Academic freedom is essential to these purposes and applies to both teaching and research. BSU is legally and ethically bound to respect academic freedom. Specifically, academic freedom is understood as the right of scholars in institutions of higher education freely to study, discuss, investigate, teach, exhibit, perform and publish. Freedom in research is fundamental to the advancement of truth. Academic freedom in its teaching aspect is fundamental for the protection of the rights of the teacher in teaching and of the student in learning. The scholar is entitled to full freedom in research and in the exhibition, performance and publication of the results of their research, and to full freedom in the classroom in discussing their subject, most specifically in the selection of their course materials and in the selection of texts. The scholar is entitled to discuss controversial issues.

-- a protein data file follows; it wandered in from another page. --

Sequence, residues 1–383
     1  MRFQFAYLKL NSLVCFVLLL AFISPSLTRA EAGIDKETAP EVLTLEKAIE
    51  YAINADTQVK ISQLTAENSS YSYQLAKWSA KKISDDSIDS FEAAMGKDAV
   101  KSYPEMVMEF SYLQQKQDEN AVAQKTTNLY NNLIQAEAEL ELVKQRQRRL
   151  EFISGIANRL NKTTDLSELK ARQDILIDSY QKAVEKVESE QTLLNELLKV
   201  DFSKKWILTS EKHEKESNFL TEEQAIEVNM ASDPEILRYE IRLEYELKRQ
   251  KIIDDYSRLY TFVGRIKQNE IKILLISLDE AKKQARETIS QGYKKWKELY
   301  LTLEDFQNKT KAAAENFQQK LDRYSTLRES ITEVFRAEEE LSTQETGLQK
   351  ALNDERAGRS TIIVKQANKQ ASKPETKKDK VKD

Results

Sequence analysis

The college or university teacher or librarian is a citizen and a member of a learned profession affiliated with an educational institution. When they speak, write, or express themself in any other fashion as a citizen, they should be free from institutional censorship or discipline, but their special position in the community imposes special obligations. They should at all times be accurate, should exercise appropriate restraint, should show respect for the opinions of others. They respect the free inquiry of their associates and avoid interference in their work.
As a state institution, BSU is also bound to the Massachusetts Constitution, the U.S. Constitution and the Bill of Rights, which guarantee freedom of speech and press, freedom of religion, and equal protection.